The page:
This is an impression of three of the five live workshops on the annual Lizard day.
The case: Schiphol, the main airport of the Netherlands. Since 1916 on the same location, which is quite unique for a big airport. In the beginning it was just an unpaved grass airfield. French pilots used to call it “Schiphol at the water” because it became a big mud swamp with rain…. Now it is a huge airport
The water near Schiphol is monitored a lot. For instance the amount of zinc in the water at the point where Schiphol’s water flows into the main water system. (Not that there’s any problem with Schiphol, it is demo data for the workshop :-) ).
Various map layers were combined for the fictional scenario, so that several questions could be answered:
The zinc level: yes, it is twice as high as the norm and it has been for two years.
The canal in question is within Schiphol’s area, so they have to do something about it.
The ground in the canal bottom is classified as polluted.
Hm, we need to investigate the bottom more. Click on the location and look at the information from Tijhuis’ “WIT” system. This information is available in Lizard through a special Lizard app that Tijhuis build themselves. (Note: for me, as one of the main Lizard programmers, it was nice to see how lizard looks and feels when someone else worked on it.)
The demo now switched to the actual WIT software, where some adjustments were made to the water bottom: instructions for dredging.
To make sure the canal is dredged quickly, the canal is selected on the map and, in a separate planning app, assigned to this year’s dredging work.
The nice thing about this workshop is that it shows that Lizard can be extended and customized. And that you can easily combine information.
The drinking water sector is normally quite self-contained. Up until they really need something from someone else or vice versa. Lizard can help make their information available then.
Drinking water data used be be quite simple: is this valve on or off? Not a lot of data. Nowadays pumps tell you how long they’ve been running and who did maintenance when. So the amount of data is going to balloon.
At the same time, the next 8 years, 30% of the employees will stop working as they’re 65: a big brain drain. So they have more data and less knowledge in the sector.
A good first test would be coordination of projects from various companies that want to dig in the ground. For coordination. They did such a try-out project with the city of Gouda. At the end of the demonstration, the map showed:
Digging projects from various companies.
The various drinking water pipes in the bottom.
The main dikes including their critical zones (where you’d rather not have drink water pipes).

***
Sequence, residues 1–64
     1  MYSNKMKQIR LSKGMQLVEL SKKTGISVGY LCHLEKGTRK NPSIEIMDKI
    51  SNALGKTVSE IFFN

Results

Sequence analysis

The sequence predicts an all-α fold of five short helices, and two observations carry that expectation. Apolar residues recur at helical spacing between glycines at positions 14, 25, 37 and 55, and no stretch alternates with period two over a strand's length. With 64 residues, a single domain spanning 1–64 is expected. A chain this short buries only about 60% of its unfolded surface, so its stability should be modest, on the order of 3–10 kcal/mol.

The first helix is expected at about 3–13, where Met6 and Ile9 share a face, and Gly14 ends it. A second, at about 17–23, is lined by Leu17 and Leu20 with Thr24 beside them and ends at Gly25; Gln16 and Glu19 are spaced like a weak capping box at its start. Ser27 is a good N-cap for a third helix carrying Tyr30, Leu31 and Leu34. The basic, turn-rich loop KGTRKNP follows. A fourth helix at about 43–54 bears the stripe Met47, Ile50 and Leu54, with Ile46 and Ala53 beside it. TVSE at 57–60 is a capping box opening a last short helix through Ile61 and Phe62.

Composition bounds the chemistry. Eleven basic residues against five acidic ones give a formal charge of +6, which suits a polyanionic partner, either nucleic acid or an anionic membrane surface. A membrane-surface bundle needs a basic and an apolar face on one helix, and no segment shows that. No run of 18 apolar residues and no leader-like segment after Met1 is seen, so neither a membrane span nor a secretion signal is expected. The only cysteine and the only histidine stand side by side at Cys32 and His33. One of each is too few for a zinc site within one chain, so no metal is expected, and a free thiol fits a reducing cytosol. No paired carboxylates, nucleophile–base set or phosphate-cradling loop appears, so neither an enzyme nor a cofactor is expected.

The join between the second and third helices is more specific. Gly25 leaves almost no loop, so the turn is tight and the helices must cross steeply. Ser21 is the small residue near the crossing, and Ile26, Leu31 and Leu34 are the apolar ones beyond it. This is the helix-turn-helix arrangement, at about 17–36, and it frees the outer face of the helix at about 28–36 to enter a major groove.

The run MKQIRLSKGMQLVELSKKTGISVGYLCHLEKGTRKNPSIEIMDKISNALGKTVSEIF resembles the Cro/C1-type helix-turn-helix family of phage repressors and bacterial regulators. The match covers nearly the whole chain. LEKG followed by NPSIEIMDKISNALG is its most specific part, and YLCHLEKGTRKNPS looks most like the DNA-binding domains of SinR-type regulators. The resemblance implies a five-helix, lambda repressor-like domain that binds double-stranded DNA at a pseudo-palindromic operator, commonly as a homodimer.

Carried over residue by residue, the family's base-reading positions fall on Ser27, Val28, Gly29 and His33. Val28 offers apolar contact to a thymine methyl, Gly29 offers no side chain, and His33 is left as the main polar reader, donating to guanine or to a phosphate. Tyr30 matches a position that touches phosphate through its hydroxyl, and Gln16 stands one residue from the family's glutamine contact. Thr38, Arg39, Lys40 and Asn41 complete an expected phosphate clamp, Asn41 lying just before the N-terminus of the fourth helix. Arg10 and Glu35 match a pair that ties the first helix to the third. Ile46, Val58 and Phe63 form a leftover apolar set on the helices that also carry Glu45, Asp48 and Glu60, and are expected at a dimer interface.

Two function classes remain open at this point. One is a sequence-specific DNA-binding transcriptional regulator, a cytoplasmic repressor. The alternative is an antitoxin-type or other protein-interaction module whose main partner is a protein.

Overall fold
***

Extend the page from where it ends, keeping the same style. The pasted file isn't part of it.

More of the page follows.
The advantage? You discover new information by seeing the existing information together in Lizard.
The future: much more integration behind the scenes. Much more models and calculations and monitoring. That way you can save a huge amount of money by repairing and replacing in a much more economic manner.
Lizard 5 is the new release, out this month. So next month we can start upgrading everybody.
A related question: “what is luxury?”. Luxury is hard to define. Something like “not something you need” or “something comfortable”. Some Scandinavian design looks very clean, but feels luxurious nonetheless.
In the back of our minds when designing Lizard 5 was something like the above. It should look clean. It should work good. A bit like google’s homepage: one search field. With a lot of power behind it. But it should also look beautiful so that it invites people to use it.
The look-and-feel is just the tip of the iceberg. 90% of the work happens behind the scene, but the visible 10% is real important.
Example: the rain forecast site at http://regenradar.lizard.net/ . A lot happens behind the scenes. 6 radar stations, combining them, filtering out dummy rain. But only if you see it, only then can you use it.
Back to lizard 5. The amount of visible user interface elements has gone down to make it simpler and cleaner. The apps, previously important, have been hidden a bit. There’s a search bar (currently you can only search for place names there, but you’ll later on be able to search all your data).
One of the possible background layers is the full 50x50cm height map of the Netherlands. That’s a lot of data, but you can view it in Lizard. You can even draw a line on the map and get a cross section in a graph. Neat!
Most of the maps react to your zoom level. The more zoomed in, the more information. A map with borders shows subborders if you zoom in enough. Nice!
My name is Reinout van Rees and I work a lot with Python (programming language) and Django (website framework). I live in The Netherlands and I'm happily married to Annie van Rees-Kooiman.
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